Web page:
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In female mammals one of the X chromosomes is rendered almost completely transcriptionally inactive to equalize expression of X-linked genes in males and females. The inactive X chromosome is distinguished from its active counterpart by its condensed appearance in interphase nuclei, late replication, altered DNA methylation, hypoacetylation of histone H4,(More)
Parkinson's disease (PD) is one of the most common neurodegenerative disorders, affecting about 1% of the population over the age of 60. In addition to motor abnormalities, there are several non-motor signs and symptoms that may create a considerable burden for patients and care-givers. Dementia is common and affects approximately 40% of PD patients during(More)
BACKGROUND The gene encoding brain-derived neurotrophic factor (BDNF) has been suggested as a candidate for major depression, and for depression susceptibility in different neurological and psychiatric diseases. No study has investigated the role of BDNF genetic variation and depressive symptoms in Alzheimer's disease (AD). OBJECTIVE The aim of this study(More)
Several studies have been conducted to understand the genetic correlates of Alzheimer disease (AD)-related behavioral and psychological symptoms in dementia (BPSD). However, given that BPSD rarely occur in isolation, it has been suggested that targeting BPSD individually is too narrow of an approach if one wants to accurately define all the associated risk(More)
OBJECTIVE To evaluate the efficacy, tolerability, optimal dosing, and monitoring of azathioprine in patients with neuromyelitis optica (NMO). METHODS This was a chart review and telephone follow-up study of 99 patients with NMO spectrum of disorders (NMOSD) treated with azathioprine (1994-2009). NMOSD were NMO (2006 diagnostic criteria) or partial NMO(More)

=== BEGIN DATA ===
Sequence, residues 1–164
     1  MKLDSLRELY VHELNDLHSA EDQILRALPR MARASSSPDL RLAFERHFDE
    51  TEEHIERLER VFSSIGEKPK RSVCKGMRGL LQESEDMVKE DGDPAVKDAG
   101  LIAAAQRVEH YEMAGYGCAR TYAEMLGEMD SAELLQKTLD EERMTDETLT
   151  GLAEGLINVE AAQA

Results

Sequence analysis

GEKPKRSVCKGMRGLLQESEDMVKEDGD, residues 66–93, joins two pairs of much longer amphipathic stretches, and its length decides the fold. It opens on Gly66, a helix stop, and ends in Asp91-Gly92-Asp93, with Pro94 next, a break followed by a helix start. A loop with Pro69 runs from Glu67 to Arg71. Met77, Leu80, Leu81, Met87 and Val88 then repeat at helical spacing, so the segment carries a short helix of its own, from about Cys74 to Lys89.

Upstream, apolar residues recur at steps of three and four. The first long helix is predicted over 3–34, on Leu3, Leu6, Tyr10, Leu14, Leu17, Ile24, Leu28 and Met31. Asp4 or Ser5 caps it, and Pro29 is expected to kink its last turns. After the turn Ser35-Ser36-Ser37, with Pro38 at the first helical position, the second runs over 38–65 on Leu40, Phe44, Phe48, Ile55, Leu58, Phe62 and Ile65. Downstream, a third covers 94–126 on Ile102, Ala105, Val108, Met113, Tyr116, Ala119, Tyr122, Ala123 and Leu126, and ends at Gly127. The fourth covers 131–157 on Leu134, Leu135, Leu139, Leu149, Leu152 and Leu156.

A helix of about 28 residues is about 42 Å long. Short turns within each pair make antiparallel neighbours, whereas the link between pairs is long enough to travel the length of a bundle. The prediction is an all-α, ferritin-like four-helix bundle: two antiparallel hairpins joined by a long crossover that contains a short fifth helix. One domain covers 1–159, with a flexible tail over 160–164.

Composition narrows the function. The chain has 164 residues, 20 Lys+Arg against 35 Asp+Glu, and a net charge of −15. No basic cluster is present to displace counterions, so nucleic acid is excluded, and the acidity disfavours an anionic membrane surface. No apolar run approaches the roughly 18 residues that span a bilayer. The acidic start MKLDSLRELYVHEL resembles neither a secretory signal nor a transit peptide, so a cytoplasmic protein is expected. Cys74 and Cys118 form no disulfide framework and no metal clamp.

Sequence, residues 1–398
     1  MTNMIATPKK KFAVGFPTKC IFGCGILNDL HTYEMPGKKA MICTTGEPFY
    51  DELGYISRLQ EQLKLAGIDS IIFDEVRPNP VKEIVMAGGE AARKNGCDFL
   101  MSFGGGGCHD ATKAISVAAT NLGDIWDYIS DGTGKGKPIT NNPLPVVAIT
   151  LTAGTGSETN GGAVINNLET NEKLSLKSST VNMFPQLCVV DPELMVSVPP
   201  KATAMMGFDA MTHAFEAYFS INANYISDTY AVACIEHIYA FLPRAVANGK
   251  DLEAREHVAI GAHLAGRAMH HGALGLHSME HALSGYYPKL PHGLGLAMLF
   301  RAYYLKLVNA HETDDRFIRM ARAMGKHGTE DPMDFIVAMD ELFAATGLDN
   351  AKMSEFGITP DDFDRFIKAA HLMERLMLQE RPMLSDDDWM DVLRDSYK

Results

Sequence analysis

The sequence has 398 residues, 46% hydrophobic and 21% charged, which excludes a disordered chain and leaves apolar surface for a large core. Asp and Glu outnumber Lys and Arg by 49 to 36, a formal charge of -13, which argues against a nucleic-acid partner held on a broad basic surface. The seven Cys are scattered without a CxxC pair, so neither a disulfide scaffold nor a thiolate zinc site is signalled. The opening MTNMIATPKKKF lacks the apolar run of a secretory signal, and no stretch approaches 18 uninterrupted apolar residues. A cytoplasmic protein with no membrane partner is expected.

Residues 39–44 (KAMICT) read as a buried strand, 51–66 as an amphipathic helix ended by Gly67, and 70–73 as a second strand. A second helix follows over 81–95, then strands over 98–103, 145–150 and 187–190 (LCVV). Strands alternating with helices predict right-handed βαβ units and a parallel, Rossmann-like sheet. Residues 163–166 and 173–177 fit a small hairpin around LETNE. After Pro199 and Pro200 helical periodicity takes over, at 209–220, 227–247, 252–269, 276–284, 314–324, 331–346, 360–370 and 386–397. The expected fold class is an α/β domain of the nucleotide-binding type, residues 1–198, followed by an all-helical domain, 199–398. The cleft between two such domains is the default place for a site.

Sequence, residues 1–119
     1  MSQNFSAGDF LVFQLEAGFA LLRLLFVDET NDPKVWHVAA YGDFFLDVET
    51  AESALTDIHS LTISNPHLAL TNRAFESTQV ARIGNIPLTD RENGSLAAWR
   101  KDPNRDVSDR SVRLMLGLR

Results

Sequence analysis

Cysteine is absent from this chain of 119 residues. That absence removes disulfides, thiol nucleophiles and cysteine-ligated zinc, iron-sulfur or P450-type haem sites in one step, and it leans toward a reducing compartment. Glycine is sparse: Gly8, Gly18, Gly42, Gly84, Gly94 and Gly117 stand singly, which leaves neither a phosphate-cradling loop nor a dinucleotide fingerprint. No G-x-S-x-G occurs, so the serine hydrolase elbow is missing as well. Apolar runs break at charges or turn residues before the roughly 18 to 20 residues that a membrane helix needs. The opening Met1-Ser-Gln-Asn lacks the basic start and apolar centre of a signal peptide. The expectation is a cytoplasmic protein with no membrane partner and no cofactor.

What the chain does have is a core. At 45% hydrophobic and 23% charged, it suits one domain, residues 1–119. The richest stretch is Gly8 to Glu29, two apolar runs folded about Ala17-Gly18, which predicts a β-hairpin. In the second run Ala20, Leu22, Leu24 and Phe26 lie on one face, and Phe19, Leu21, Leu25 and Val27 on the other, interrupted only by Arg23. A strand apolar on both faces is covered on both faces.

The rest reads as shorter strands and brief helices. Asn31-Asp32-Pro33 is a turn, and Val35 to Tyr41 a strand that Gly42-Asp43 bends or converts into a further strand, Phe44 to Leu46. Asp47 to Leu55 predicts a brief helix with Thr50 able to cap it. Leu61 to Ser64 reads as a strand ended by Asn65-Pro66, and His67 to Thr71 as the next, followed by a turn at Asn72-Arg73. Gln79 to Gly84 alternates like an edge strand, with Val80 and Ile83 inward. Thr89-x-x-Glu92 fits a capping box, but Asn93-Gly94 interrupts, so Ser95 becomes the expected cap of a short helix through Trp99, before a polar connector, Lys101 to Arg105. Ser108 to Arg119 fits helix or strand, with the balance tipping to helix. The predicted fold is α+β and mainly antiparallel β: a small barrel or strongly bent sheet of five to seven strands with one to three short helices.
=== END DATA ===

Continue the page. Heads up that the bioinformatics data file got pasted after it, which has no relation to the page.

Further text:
Alzheimer's disease (AD) is a neurodegenerative disorder characterized by progressive cognitive decline including loss of memory, orientation and reasoning. However, a relevant aspect of AD is the presence of a variety of behavioural and psychological symptoms in dementia (BPSD), beyond the well-known progressive cognitive impairment. Approximately 50% to(More)
OBJECTIVE The objective of this study was to investigate the cumulative effect of the genes likely involved in Alzheimer disease (AD)-related psychosis and their interaction with disease stage and environmental factors. METHODS Two hundred thirty-four patients with AD underwent clinical and neuropsychologic examination, behavioral and psychiatric(More)
BACKGROUND APOE is the most recognized genetic risk factor for sporadic late-onset Alzheimer disease (AD). The role of APOE genotype in Lewy body dementia (LBD) is still unknown as well as the relationship between APOE genotype and cholesterol levels. OBJECTIVE The objective of this study was to explore the association between APOE genotype and(More)
OBJECTIVE To 1) determine, using contemporary recombinant antigen-based assays, the aquaporin-4 (AQP4)-immunoglobulin G (IgG) detection rate in sequential sera of patients assigned a clinical diagnosis of neuromyelitis optica (NMO) but initially scored negative by tissue-based indirect immunofluorescence (IIF) assay; and 2) evaluate the impact of serostatus(More)
There is emerging evidence that psychosis in Alzheimer Disease (AD) represents a clinically relevant phenotype with a distinct biological process. It has been reported that a functional polymorphism of the catechol-O-methyltransferase (COMT) gene predisposes to an increased risk for schizophrenia and likely to psychosis susceptibility. Aim of this study was(More)